Tesla crash could hurt sentiment on driverless cars

DETROIT – The death of a driver who was using Tesla Motors’ semi-autonomous mode could add to the public’s apprehension about driverless cars.

Joshua D. Brown of Canton, Ohio, died in the accident May 7 in Williston, Florida, when his Tesla Model S failed to automatically activate its brakes and crashed into a tractor-trailer.

Tesla’s shares dropped 3 per cent in after-hours trading after the government said it would investigate the crash.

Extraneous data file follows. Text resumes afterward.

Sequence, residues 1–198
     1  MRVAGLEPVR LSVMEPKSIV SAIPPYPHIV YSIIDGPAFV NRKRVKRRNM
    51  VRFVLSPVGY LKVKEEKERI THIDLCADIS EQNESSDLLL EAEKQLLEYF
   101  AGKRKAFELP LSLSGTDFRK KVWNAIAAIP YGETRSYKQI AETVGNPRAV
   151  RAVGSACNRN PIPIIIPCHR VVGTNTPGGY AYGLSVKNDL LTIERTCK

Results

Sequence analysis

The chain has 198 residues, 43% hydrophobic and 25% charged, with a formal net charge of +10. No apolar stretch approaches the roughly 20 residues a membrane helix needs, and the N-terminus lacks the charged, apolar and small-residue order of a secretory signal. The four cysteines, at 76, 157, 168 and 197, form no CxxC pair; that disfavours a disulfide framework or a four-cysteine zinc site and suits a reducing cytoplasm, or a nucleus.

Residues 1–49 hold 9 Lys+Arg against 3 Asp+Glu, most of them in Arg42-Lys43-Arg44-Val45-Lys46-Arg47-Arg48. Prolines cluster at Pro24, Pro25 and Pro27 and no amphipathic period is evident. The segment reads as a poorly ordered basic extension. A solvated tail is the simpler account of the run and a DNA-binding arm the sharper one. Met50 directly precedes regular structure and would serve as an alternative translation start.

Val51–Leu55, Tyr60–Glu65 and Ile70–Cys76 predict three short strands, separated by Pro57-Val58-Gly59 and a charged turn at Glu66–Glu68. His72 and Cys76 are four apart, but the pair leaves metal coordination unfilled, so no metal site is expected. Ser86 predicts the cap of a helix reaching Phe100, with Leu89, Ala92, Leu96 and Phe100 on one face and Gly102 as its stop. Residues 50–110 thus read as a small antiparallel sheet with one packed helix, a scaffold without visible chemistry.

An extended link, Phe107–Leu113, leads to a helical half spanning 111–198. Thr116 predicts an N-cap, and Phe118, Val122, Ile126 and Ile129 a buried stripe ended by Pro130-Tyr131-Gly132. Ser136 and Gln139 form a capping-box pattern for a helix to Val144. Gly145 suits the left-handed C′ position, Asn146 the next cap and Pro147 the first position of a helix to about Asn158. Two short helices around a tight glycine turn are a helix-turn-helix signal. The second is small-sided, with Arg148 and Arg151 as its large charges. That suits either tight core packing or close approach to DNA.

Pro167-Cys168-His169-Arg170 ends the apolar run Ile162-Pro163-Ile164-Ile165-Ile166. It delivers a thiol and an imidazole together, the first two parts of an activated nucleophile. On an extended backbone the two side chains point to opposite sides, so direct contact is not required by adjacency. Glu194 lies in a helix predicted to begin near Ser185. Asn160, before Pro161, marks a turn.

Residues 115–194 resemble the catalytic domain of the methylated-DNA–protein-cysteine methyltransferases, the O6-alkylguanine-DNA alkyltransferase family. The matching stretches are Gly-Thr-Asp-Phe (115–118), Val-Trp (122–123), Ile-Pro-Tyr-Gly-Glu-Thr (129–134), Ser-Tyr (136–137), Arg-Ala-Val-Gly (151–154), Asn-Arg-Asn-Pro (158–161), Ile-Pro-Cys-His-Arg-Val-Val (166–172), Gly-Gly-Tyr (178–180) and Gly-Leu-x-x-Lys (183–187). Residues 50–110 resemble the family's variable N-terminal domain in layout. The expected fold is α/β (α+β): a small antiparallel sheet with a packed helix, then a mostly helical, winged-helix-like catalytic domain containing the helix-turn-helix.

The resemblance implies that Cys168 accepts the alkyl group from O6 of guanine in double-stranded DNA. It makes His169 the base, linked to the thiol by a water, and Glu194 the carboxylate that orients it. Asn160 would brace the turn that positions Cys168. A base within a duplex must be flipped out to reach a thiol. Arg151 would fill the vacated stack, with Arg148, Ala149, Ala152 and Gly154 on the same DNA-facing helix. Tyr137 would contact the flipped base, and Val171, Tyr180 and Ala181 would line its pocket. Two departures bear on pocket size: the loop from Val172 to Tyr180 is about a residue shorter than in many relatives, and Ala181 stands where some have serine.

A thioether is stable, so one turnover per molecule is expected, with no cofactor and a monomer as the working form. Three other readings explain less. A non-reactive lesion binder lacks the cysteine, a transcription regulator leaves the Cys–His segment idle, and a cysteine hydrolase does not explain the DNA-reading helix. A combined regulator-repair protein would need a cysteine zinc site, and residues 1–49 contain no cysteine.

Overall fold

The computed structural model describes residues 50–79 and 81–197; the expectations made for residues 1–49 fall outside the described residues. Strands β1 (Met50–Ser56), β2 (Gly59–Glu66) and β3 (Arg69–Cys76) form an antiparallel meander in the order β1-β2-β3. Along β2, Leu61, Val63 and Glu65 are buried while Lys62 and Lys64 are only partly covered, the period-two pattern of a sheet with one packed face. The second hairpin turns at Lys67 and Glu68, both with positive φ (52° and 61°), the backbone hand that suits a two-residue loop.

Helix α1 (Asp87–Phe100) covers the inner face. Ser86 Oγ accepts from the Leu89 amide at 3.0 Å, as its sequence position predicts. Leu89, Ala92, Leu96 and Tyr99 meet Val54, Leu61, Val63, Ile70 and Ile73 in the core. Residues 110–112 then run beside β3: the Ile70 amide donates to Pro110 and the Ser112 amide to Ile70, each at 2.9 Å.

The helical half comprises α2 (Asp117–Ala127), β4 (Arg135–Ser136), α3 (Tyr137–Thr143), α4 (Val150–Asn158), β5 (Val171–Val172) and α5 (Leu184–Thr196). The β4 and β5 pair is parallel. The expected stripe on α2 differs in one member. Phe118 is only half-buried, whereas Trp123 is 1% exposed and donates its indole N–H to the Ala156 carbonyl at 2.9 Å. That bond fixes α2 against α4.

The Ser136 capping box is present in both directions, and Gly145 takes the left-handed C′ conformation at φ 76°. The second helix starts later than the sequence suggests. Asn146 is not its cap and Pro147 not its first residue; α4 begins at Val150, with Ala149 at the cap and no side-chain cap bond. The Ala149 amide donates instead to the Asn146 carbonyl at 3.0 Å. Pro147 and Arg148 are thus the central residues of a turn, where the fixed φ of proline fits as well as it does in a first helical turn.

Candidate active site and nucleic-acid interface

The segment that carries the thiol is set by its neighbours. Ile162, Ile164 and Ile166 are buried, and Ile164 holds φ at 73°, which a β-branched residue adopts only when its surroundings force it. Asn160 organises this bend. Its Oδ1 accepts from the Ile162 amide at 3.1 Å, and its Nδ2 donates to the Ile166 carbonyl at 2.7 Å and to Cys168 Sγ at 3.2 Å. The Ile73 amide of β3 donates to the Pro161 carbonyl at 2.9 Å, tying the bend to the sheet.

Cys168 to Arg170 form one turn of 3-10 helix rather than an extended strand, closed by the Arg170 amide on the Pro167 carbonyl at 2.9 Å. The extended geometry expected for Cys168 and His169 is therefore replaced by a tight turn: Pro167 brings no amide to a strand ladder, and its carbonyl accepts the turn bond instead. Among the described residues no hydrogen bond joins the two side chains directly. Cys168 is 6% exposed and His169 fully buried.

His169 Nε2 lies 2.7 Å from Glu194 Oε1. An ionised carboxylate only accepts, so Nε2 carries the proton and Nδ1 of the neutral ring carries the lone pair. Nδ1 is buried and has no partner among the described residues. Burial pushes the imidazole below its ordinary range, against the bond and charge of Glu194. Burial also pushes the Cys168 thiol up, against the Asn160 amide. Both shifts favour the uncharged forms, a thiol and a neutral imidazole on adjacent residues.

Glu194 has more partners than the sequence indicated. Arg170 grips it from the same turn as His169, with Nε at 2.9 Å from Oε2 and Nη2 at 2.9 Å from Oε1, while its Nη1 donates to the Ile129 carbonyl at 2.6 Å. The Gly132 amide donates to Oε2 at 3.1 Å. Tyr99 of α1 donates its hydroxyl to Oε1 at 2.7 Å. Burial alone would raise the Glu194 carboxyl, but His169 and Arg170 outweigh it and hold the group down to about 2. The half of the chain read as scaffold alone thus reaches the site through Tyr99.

The crash could hurt efforts to bring self-driving technology to market. In a recent University of Michigan survey, two-thirds of drivers said they are moderately or very concerned about riding in a self-driving vehicle.

But analysts said Thursday that it would be unfortunate if public sentiment swung too far against driverless vehicles, which could potentially save thousands of lives each year.